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Family Tax Topics

How a Change of Marital Status Affects Your Taxes

Marriage–or divorce–may affect your filing status, the deductions you can claim, and your ability to claim related benefits. Find out what a change in marital status might mean for you.

Did you get married?

If you got married this year, congratulations! In terms of taxes, marriage could mean big changes. First, your filing status has changed and you now have the option of filing jointly with your spouse. Filing a joint return means a standard deduction worth $24,800. 

If you and your spouse decide to file separate returns, itemize deductions if your spouse does so on their return. In addition, you might not be able to claim the following tax benefits if you and your spouse file separately: 

  • Student loan interest
  • Education credits
  • Earned Income Tax Credit (EITC)
  • Premium Tax Credit
  • Child and Dependent Care Expenses
Tip/Help

If you had your marriage annulled in 2020, you are considered unmarried for this tax year and all affected tax years. You may need to amend your tax returns for all open tax years during which you were married, usually the three years prior to the year of annulment, in order to correctly reflect your marital status.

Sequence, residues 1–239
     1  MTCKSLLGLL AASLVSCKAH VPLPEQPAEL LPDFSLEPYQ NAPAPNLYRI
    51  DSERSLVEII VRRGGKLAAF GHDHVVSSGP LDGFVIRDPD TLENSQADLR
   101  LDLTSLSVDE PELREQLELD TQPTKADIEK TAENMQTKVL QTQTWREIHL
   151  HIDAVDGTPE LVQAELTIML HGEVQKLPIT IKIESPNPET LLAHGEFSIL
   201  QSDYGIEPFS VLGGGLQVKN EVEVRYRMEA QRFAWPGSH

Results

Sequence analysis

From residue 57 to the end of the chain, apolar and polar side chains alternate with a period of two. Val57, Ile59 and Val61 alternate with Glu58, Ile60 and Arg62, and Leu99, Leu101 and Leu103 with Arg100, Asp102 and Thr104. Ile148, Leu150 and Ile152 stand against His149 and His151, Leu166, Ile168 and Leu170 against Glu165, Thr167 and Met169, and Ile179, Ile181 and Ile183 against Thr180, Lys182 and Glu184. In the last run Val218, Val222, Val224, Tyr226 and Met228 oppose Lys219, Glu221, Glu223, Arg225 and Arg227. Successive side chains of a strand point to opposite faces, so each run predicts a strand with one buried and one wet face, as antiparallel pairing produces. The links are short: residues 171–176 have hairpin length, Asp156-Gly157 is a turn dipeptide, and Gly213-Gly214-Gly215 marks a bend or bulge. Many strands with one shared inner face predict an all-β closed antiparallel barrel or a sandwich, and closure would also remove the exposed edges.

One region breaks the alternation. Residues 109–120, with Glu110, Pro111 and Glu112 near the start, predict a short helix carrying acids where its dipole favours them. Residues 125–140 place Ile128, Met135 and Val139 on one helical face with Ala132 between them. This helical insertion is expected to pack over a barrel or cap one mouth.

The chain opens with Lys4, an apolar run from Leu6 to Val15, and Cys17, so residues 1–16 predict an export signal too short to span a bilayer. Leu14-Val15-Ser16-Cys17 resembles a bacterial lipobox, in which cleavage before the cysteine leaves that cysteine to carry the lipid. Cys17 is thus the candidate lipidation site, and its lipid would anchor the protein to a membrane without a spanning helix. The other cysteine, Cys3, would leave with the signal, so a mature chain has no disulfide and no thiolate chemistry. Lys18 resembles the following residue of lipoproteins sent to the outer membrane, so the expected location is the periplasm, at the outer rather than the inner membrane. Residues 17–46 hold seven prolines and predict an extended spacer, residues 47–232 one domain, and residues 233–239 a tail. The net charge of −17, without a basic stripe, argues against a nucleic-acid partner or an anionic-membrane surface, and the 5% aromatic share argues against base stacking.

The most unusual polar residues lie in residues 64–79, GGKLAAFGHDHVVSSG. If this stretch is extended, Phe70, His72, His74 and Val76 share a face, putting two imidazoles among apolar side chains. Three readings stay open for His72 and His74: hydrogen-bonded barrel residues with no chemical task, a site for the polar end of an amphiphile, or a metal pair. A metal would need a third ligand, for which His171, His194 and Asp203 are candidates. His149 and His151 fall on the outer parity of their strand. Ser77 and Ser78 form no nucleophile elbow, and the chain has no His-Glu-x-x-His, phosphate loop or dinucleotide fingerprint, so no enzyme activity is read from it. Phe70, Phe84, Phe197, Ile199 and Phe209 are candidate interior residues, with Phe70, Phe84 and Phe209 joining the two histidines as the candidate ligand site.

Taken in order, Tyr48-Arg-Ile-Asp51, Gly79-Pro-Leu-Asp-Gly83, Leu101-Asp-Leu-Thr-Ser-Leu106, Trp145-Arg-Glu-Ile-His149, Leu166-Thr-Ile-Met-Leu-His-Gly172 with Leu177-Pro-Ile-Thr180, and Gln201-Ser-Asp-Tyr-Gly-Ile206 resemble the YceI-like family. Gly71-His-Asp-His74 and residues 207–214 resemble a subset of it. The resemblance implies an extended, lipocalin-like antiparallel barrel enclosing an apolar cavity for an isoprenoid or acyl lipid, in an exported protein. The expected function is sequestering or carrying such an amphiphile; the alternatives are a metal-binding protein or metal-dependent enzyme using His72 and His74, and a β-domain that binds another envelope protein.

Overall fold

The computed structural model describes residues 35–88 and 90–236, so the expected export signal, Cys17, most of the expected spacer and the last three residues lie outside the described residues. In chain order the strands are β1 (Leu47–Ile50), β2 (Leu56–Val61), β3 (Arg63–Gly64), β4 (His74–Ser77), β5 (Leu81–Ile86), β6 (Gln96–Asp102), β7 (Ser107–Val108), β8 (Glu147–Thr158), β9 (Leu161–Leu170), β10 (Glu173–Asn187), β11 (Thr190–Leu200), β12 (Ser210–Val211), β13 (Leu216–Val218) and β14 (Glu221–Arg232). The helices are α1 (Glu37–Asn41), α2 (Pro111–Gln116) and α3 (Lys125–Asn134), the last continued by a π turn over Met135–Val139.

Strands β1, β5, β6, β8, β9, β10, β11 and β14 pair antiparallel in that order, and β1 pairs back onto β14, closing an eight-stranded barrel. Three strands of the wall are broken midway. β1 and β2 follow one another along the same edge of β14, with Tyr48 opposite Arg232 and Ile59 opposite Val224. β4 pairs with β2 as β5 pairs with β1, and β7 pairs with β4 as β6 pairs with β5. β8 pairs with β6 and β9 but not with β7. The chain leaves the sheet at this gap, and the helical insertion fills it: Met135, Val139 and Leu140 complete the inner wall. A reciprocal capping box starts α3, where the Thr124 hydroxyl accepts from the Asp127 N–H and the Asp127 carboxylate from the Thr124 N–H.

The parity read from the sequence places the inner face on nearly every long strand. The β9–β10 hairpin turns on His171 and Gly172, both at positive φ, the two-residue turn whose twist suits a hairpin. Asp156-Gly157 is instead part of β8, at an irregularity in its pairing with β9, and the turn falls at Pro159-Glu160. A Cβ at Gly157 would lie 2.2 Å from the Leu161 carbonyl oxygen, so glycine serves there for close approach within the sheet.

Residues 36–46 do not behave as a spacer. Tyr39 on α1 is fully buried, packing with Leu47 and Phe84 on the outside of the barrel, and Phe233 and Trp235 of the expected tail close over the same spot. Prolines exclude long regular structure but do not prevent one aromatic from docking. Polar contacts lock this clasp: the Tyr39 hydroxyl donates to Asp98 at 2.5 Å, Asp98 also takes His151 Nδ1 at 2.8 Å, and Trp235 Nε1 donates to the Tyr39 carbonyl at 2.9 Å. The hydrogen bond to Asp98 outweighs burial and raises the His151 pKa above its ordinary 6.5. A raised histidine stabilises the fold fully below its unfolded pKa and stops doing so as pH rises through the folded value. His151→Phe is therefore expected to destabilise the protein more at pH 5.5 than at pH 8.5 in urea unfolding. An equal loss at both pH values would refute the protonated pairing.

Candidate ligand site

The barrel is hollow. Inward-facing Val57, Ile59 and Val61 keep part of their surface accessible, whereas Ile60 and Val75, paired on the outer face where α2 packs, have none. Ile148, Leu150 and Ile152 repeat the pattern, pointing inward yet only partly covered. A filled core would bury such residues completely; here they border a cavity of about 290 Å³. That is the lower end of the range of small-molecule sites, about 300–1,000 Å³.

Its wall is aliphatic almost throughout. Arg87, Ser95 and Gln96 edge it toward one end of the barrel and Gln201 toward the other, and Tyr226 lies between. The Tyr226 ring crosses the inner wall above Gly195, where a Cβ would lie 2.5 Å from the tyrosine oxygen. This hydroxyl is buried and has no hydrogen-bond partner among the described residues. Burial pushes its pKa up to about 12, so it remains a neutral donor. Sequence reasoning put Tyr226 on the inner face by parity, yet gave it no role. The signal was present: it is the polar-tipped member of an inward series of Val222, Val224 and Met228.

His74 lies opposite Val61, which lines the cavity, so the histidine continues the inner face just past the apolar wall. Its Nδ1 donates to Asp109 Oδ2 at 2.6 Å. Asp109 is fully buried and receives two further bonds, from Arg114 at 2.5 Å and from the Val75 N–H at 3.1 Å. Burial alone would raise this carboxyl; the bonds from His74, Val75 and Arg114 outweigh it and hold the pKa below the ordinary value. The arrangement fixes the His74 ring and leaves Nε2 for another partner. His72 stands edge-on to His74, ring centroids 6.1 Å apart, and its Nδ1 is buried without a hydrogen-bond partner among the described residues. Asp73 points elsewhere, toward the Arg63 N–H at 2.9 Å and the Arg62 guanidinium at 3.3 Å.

Divorce 

Getting divorced will impact your filing status. But note, your filing status is dictated by your marital status on December 31 of the tax year. So if you and your partner split up or separate, but you’re not divorced or legally separated according to your state’s law by the end of the year, your status is still “married,” and you and your spouse have the choice to file as "Married Filing Jointly" or "Married Filing Separately." 

You may be able to deduct alimony payments made in 2020 if your agreement was entered into prior to January 1, 2019. 

If your spousal support agreement was updated after December 31, 2018, that may also disallow the alimony deduction for the payer. 

Tax File Minute: Answers from a Tax Insider

How marriage and divorce impact your taxes

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